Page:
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Increased land tax, stamp duty and new windfall gain tax to impact land owners and developers
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Increased land tax, stamp duty and new windfall gain tax to impact land owners and developers

Ahead of the Victorian State Budget which will be handed down this coming Thursday, Treasurer Tim Pallas has announced tax increases that are intended to raise an extra $2.7 billion over the next four years.

The key state taxes measures announced late last week comprise a new premium stamp duty rate for property transactions with a value above $2 million, increases to the land tax rates for land with a taxable value above $1.8 million and a new tax on land value uplifts as a result of rezoning, at the rate of 50% of the value uplift.

The key changes

  • Property transactions with a dutiable value above $2 million will be subject to a new premium rate of duty, with the duty payable being $110,000 plus 6.5% of the dutiable value above $2 million.
  • The land tax rate will increase from 1.3% to 1.55% for land with a taxable value above $1.8 million and not exceeding $3 million.
  • The land tax rate will increase from 2.25% to 2.55% for land with a taxable value above $3 million.
  • A new windfall gain tax of 50% of uplifts in value greater than $500,000 due to rezoning, with phasing-in of the tax on uplifts between $100,000 and $500,000. Land subject to the Growth Areas Infrastructure Contribution will not be affected.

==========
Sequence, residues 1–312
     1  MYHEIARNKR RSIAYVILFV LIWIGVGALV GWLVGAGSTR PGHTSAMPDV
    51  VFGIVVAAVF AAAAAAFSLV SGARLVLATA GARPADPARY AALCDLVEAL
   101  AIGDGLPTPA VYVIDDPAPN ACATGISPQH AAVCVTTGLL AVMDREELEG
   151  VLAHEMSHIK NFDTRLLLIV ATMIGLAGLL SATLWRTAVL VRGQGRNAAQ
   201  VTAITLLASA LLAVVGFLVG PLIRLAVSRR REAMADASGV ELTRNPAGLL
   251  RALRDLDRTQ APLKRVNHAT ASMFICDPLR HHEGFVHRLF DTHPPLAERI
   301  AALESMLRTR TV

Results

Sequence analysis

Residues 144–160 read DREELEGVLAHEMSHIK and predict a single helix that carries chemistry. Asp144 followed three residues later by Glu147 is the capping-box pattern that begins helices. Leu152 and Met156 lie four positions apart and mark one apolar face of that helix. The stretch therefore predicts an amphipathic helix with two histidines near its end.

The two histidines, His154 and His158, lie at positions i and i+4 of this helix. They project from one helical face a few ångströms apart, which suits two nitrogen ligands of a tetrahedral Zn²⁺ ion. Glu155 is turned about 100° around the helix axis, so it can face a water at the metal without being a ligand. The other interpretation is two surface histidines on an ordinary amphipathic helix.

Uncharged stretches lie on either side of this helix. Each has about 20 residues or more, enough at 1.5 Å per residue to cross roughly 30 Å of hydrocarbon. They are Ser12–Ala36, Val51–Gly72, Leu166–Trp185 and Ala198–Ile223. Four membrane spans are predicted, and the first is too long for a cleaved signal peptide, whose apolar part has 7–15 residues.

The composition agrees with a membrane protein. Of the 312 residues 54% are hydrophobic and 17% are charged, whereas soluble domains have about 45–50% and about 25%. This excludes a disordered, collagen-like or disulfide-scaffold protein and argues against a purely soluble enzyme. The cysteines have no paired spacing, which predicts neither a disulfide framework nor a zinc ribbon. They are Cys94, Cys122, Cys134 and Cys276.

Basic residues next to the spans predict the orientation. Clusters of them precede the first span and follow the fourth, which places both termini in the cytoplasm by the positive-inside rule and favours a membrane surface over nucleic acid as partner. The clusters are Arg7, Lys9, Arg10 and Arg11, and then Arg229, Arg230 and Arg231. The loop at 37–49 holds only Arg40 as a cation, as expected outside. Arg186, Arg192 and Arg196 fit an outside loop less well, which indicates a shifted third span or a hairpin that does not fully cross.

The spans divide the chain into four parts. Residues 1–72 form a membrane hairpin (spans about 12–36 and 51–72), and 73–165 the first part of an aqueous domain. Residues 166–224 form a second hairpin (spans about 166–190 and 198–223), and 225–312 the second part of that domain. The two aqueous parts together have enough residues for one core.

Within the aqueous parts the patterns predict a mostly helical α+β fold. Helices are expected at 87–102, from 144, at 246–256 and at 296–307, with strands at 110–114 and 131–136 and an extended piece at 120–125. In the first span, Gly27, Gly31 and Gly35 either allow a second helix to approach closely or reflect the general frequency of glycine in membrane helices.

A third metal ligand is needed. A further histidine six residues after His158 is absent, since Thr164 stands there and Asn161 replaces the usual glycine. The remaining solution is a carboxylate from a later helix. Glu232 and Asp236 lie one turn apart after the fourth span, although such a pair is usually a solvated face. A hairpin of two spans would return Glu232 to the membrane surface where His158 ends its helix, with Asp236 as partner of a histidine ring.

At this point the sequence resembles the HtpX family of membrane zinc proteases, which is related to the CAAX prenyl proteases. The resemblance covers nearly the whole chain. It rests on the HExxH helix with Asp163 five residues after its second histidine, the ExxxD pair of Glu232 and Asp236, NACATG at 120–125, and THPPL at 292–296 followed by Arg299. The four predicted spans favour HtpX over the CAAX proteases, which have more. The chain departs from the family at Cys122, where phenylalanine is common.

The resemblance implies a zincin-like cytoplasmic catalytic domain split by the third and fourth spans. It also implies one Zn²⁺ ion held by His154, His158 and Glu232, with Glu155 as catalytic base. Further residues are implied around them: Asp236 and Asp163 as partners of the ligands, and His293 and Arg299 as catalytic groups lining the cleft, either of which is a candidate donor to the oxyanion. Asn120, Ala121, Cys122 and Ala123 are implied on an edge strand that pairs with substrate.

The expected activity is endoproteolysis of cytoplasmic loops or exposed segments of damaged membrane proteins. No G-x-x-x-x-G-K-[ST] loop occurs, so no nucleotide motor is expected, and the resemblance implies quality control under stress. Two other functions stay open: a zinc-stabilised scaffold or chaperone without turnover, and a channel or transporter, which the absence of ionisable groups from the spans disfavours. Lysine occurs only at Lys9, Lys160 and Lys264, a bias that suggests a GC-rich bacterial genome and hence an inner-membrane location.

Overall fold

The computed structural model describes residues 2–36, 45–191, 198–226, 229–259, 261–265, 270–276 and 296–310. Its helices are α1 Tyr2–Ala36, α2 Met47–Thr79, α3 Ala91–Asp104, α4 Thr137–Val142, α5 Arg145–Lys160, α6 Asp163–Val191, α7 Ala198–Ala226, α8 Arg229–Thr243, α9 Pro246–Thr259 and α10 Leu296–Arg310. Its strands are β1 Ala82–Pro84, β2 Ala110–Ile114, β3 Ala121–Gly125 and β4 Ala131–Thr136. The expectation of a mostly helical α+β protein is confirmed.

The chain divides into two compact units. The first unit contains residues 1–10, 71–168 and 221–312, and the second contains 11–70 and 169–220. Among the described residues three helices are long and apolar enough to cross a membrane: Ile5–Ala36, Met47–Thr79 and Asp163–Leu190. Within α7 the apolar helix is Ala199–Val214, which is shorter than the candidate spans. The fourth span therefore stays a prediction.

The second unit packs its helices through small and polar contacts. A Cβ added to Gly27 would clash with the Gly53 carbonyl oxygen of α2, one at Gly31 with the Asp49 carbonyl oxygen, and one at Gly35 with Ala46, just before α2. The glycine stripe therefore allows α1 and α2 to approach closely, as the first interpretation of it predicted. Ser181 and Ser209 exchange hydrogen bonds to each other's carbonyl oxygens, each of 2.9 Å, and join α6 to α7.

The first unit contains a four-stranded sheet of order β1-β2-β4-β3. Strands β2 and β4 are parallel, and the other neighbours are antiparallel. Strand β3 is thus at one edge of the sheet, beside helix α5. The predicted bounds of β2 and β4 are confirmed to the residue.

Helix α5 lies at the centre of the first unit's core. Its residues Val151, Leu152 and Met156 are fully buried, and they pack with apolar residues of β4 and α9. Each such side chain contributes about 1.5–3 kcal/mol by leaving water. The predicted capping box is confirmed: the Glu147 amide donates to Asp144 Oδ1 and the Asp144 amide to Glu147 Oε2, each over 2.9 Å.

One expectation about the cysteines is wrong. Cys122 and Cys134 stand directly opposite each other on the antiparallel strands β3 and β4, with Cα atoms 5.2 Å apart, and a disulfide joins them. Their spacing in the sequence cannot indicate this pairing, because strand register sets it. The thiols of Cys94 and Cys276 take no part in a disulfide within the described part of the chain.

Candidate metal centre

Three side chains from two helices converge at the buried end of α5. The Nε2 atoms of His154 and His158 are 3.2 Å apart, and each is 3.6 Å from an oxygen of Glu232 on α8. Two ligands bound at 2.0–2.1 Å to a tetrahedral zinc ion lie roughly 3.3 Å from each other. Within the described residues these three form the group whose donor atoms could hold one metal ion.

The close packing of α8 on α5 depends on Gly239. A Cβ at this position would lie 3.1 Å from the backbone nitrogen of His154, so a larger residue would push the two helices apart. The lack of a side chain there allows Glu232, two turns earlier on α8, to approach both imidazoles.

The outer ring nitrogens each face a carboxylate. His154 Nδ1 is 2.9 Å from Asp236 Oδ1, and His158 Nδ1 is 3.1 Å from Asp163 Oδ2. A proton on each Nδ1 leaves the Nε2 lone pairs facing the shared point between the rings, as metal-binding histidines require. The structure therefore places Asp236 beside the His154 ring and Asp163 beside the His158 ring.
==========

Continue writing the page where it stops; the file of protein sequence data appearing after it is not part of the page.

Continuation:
When do the changes apply from?

The following are the expected start dates of the new measures:

Change

Expected start date*

New premium stamp duty rate

1 July 2021

Increase in land tax rates

2022 land tax year (based on ownership of land as at midnight 31 December 2021)

New windfall gain tax

1 July 2022

*Subject to confirmation once the legislation is introduced into Parliament.

How will the changes impact property developer and land owners?

Whilst the Victorian government is promoting the changes as only impacting wealthy land owners and developers, they will clearly have a more far reaching impact, particularly on home buyers.

These changes are unlikely to help home buyers break into the market as the Government claims.  Instead, as land owners and developers factor the increased taxes into the land acquisition and development equations, we expect further upward pressure on house prices, making it harder for first home buyers to get their foot on the property ladder and for other Victorians to move for new jobs or other personal reasons.  The windfall gain tax will also put further pressure on the supply side in regional areas as developers shy away from land parcels that are caught by the new tax.

Example 1: Property developers and home buyers 

  • A local developer purchases a block of vacant land on the outskirts of Ballarat in January 2022.
  • The land is in a farming zone at the time of its purchase.
  • The developer intends to push for the land to be rezoned as Urban Growth Zone land and to ultimately develop the land into residential lots for sale to the public.

Stamp duty

The table below compares the duty payable* by the developer under the current duty rates and the new rates from 1 July 2021 if the purchase price of the land is $2.5m, $5m and $10, respectively.

Purchase price

Current stamp duty payable

Stamp duty payable under new rates

Increase

$2.5m

$137,500

$142,500

$5,000

$5m

$275,000

$305,000

$30,000

$10m

$550,000

$630,000

$80,000